As always, thanks for reading; stay safe, stay connected, and feel free to comment down below!

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For more tips on relationships, follow Family Bridges on social media @familybridges

How to Manage Anxiety with the COVID-19 Crisis

How to Manage Anxiety with the COVID-19 Crisis

By

Erika Krull

If there’s ever been a time to take good care of yourself, it is now. Your health is a top priority. It’s normal to feel stressed and anxious with the COVID-19 crisis ramping up.

Nobody knows when things will go back to normal or when we will feel safe again. Stay focused on today and forgive yourself. We are all in this together.

Name that emotion

With everything happening, you may feel kind of sick inside. If you’re having trouble naming what you’re feeling, some of these descriptions may fit.

Anticipatory grief

Feel sad every time you look at the calendar? You are feeling anticipatory grief. This sadness comes over you as you realize you’ll lose something soon. Schools are closed and sporting events are canceled around the world. You feel sorrow about things you can’t do anymore.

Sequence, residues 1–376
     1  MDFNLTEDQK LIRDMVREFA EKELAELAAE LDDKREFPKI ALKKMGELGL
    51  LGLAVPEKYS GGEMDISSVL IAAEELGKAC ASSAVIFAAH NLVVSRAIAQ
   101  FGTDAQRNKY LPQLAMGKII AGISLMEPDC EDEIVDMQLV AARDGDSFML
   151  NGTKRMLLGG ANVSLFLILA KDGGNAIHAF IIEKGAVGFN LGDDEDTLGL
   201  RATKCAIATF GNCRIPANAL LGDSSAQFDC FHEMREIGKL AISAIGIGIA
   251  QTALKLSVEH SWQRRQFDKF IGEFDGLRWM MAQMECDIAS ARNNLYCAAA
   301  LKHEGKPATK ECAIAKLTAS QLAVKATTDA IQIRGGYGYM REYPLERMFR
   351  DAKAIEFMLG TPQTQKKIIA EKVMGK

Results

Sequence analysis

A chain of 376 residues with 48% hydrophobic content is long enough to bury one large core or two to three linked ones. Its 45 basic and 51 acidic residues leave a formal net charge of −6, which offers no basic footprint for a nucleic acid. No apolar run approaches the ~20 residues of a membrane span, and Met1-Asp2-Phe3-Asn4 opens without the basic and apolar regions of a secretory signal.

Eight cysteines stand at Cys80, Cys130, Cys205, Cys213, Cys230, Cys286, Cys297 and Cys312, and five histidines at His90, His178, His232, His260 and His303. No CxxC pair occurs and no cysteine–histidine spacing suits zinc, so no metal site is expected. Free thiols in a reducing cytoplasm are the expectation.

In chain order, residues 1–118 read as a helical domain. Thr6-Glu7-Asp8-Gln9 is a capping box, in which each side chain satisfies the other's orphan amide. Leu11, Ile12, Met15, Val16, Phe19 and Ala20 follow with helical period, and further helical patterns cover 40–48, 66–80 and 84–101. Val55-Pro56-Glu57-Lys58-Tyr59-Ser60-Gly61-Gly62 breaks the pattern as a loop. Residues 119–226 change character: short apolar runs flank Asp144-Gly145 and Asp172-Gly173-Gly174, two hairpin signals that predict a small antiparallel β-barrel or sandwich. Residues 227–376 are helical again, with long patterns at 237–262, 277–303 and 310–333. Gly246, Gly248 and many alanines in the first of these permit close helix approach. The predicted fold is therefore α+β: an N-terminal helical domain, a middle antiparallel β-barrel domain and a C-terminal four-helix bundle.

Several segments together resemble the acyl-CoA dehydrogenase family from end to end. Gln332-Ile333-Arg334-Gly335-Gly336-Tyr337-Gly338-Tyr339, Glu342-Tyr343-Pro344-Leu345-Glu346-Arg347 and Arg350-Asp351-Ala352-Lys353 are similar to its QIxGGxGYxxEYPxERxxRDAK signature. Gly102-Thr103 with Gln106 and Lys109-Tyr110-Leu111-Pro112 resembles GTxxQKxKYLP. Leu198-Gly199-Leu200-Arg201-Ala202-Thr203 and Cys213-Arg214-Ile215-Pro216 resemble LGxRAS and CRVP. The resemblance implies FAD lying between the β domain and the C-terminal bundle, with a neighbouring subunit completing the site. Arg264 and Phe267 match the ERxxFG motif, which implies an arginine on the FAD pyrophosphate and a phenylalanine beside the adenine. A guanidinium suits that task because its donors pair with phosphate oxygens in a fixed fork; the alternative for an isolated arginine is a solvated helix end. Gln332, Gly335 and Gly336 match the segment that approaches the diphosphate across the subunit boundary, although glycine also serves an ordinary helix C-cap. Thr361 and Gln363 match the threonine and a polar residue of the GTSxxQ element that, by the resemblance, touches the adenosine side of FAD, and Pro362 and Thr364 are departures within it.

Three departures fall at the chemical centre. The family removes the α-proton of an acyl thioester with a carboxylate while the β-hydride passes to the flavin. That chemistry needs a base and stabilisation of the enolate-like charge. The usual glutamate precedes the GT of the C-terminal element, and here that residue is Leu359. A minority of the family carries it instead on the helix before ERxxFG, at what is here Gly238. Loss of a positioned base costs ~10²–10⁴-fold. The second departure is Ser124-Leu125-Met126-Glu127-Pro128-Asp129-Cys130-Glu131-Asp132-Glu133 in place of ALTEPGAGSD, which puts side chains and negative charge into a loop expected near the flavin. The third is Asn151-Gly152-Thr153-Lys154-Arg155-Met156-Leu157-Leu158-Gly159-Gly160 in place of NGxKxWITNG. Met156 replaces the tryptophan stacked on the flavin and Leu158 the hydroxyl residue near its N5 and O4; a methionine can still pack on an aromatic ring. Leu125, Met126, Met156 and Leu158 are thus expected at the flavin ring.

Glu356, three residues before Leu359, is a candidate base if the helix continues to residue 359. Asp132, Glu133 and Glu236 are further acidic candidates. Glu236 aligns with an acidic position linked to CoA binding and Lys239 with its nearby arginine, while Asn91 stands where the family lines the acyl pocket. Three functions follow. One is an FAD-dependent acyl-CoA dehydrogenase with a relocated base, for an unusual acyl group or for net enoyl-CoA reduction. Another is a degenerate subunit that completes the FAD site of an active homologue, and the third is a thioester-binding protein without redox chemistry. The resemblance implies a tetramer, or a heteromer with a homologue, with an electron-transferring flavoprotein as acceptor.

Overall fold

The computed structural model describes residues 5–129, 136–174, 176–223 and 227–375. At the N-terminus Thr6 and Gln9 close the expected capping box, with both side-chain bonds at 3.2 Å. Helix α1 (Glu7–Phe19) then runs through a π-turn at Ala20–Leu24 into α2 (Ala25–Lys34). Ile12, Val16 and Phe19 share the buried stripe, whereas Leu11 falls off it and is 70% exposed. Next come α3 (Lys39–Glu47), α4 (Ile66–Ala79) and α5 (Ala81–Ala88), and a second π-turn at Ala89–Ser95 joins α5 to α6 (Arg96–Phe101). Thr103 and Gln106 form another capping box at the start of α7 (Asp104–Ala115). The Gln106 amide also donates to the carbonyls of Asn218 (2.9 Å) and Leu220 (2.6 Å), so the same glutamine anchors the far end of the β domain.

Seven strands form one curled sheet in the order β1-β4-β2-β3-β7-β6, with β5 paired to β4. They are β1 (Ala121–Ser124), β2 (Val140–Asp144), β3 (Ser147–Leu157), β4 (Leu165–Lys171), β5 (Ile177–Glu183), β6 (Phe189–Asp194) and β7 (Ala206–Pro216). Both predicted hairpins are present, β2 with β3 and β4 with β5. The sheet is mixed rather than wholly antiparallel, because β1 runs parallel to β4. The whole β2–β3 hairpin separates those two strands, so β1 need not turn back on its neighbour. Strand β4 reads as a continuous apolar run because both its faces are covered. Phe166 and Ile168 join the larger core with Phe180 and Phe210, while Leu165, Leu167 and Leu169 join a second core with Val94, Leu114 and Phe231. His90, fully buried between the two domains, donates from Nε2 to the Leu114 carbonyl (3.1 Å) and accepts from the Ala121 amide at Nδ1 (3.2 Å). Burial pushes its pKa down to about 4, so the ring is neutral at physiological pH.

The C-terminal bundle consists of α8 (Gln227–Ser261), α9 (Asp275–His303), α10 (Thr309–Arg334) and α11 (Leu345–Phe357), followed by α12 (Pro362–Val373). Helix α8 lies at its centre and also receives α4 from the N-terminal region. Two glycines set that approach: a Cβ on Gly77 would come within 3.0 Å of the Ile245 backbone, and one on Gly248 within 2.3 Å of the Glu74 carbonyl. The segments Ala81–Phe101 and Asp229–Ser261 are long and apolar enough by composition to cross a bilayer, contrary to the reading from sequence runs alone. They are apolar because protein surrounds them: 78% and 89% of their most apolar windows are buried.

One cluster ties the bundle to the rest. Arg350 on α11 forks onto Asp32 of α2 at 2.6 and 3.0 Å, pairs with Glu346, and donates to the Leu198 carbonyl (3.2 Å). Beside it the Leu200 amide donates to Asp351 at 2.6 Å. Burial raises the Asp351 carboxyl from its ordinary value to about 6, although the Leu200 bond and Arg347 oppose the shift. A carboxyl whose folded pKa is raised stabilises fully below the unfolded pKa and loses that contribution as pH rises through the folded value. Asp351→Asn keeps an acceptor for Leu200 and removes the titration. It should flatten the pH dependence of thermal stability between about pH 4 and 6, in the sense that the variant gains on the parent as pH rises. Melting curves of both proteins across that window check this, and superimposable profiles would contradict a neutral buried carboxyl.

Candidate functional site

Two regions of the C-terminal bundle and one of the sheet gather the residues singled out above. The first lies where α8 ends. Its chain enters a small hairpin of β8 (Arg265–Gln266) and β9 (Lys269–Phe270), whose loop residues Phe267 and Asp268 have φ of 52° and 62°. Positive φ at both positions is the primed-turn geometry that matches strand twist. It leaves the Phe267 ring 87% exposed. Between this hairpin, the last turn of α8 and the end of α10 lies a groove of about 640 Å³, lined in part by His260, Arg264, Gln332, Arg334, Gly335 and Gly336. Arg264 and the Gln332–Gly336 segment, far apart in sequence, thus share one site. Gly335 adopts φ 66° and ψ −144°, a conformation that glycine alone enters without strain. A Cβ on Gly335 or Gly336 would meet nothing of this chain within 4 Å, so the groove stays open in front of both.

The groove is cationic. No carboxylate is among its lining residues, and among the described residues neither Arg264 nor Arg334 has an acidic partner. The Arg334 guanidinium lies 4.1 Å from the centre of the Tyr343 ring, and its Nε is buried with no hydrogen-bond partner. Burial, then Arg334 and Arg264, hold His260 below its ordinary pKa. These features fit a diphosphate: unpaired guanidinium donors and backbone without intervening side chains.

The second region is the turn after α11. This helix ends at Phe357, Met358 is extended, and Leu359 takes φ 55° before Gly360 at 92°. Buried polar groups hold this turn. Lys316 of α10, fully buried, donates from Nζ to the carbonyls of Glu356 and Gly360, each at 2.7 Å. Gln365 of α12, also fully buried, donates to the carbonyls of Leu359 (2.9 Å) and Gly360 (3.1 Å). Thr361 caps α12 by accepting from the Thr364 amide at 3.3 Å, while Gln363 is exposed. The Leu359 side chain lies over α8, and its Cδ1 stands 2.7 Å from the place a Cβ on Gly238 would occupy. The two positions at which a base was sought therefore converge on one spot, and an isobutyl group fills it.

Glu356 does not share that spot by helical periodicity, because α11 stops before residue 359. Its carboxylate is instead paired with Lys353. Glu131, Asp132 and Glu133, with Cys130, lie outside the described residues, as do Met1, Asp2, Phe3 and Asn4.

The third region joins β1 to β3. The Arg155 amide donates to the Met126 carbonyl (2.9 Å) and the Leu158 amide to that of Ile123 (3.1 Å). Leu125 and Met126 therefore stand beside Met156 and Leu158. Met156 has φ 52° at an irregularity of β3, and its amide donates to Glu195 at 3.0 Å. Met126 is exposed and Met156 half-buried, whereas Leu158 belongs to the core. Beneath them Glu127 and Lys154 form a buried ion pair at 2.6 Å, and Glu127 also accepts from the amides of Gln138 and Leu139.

Survivor guilt

The news is full of scary stories and alarming images of sick and dying people. If you have not personally been affected by the virus yet, you might feel a little guilty.

Being bored and inconvenienced is nothing like fearing for your safety. You may be thankful for your health and safety, but it may not feel that comforting.

Empathy overload

Watching the news is tough these days. Hearing about overloaded ERs and worried doctors can feel emotionally heavy. It’s hard to watch people suffer when you can’t do anything about it.

The most important thing you can do looks a lot like doing nothing. This paradox is tough to accept.

How to manage your anxiety

Whatever you are feeling right now is OK.

Worried, scared, bored, entertained, frustrated, confused, safe, relieved, restless, sad, shaken, determined: these feelings and more are normal.

Anything that makes you feel uncomfortable is probably based on anxiety right now. Try some of these tips now to relieve symptoms of stress and worry.

Get exercise outside if you can

The great thing about exercise is that you can do it almost anywhere. If the weather is nice and you have space, go outside. It’s amazing for you if you can do it safely. A walk in the fresh air will do wonders for your heart.